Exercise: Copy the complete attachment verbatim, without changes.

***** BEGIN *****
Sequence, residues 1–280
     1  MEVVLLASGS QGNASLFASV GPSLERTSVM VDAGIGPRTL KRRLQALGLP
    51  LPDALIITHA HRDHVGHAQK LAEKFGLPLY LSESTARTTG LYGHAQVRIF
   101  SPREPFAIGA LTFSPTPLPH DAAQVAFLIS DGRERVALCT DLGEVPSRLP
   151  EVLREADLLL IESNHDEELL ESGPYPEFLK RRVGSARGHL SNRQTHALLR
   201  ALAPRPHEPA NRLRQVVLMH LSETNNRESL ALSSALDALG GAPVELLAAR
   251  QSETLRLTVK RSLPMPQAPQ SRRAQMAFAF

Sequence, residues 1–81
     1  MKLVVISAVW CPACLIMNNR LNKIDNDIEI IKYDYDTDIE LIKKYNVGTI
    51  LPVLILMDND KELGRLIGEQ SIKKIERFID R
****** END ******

Sequence, residues 1–280
     1  MEVVLLASGS QGNASLFASV GPSLERTSVM VDAGIGPRTL KRRLQALGLP
    51  LPDALIITHA HRDHVGHAQK LAEKFGLPLY LSESTARTTG LYGHAQVRIF
   101  SPREPFAIGA LTFSPTPLPH DAAQVAFLIS DGRERVALCT DLGEVPSRLP
   151  EVLREADLLL IESNHDEELL ESGPYPEFLK RRVGSARGHL SNRQTHALLR
   201  ALAPRPHEPA NRLRQVVLMH LSETNNRESL ALSSALDALG GAPVELLAAR
   251  QSETLRLTVK RSLPMPQAPQ SRRAQMAFAF

Sequence, residues 1–81
     1  MKLVVISAVW CPACLIMNNR LNKIDNDIEI IKYDYDTDIE LIKKYNVGTI
    51  LPVLILMDND KELGRLIGEQ SIKKIERFID R